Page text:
The Global Precipitation Climatology Project (GPCP) has released monthly mean estimates of precipitation that comprise gauge observations and satellite-derived precipitation estimates. Estimates of standard random error for each month at each grid location are also provided in this data release. One of the primary intended uses of this dataset is the validation of climatic-scale precipitation fields that are produced by numerical models. Nearly coincident with this dataset development, the National Centers for Environmental Prediction and the National Center for Atmospheric Research have joined in a cooperative effort to reanalyze meteorological fields from the present back to the 1940s using a fixed state-of-the-art data assimilation system and large input database.

In this paper, monthly accumulations of reanalysis precipitation are compared with the GPCP combined rain gauge–satellite dataset over the period 1988–95. A unique feature of this comparison is the use of standard error estimates that are contained in the GPCP combined dataset. These errors are incorporated into the comparison to provide more realistic assessments of the reanalysis model performance than could be attained by using only the mean fields. Variability on timescales from intraseasonal to interannual are examined between the GPCP and reanalysis precipitation. While the representation of large-scale features compares well between the two datasets, substantial differences are observed on regional scales. This result is not unexpected since present-day data assimilation systems are not designed to incorporate observations of precipitation. Furthermore, inferences of deficiencies in the reanalysis precipitation should not be projected to other fields in which observations have been assimilated directly into the reanalysis model.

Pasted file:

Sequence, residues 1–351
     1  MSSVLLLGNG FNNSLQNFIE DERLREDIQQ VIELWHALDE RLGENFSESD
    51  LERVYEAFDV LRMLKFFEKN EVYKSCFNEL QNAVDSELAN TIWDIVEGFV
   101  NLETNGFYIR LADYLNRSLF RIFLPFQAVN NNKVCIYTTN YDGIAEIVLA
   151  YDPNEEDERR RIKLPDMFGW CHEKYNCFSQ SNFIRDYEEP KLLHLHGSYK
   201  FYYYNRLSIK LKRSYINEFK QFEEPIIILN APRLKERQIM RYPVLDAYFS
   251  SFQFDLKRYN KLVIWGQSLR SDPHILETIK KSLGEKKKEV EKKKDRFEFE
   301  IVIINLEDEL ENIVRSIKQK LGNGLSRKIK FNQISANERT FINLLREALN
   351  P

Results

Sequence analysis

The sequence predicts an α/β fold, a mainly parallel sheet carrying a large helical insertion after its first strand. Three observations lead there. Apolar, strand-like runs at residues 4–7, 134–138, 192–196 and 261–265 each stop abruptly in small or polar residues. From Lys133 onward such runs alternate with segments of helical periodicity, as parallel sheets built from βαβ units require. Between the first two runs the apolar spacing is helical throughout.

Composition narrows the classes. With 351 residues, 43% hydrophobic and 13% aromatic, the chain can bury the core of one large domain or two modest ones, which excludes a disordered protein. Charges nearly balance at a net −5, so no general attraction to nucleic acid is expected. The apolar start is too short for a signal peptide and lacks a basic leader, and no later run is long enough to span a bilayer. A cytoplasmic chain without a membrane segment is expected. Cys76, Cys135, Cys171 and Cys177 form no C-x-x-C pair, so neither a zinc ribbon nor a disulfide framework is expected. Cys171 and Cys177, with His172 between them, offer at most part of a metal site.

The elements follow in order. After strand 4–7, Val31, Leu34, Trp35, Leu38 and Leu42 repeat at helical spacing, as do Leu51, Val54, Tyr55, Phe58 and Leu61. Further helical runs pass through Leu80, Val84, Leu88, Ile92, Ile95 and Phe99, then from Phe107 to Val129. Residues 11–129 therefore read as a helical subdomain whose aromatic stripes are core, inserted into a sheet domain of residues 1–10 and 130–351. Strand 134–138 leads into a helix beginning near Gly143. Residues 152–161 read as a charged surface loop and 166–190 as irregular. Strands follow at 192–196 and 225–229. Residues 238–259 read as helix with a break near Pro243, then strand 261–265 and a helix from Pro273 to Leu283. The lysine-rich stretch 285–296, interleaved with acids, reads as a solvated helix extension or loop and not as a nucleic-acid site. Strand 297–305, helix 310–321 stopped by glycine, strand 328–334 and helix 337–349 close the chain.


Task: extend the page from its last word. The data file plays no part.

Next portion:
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Pingping Xie, John E. Janowiak, Phillip A. Arkin, Robert Adler, Arnold Gruber, Ralph Ferraro, George J. Huffman, and Scott Curtis

Abstract

As part of the Global Precipitation Climatology Project (GPCP), analyses of pentad precipitation have been constructed on a 2.5° latitude–longitude grid over the globe for a 23-yr period from 1979 to 2001 by adjusting the pentad Climate Prediction Center (CPC) Merged Analysis of Precipitation (CMAP) against the monthly GPCP-merged analyses. This adjustment is essential because the precipitation magnitude in the pentad CMAP is not consistent with that in the monthly CMAP or monthly GPCP datasets primarily due to the differences in the input data sources and merging algorithms, causing problems in applications where joint use of the pentad and monthly datasets is necessary. First, pentad CMAP-merged analyses are created by merging several kinds of individual data sources including gauge-based analyses of pentad precipitation, and estimates inferred from satellite observations. The pentad CMAP dataset is then adjusted by the monthly GPCP-merged analyses so that the adjusted pentad analyses match the monthly GPCP in magnitude while the high-frequency components in the pentad CMAP are retained. The adjusted analyses, called the GPCP-merged analyses of pentad precipitation, are compared to several gauge-based datasets. The results show that the pentad GPCP analyses reproduced spatial distribution patterns of total precipitation and temporal variations of submonthly scales with relatively high quality especially over land. Simple applications of the 23-yr dataset demonstrate that it is useful in monitoring and diagnosing intraseasonal variability. The Pentad GPCP has been accepted by the GPCP as one of its official products and is being updated on a quasi-real-time basis.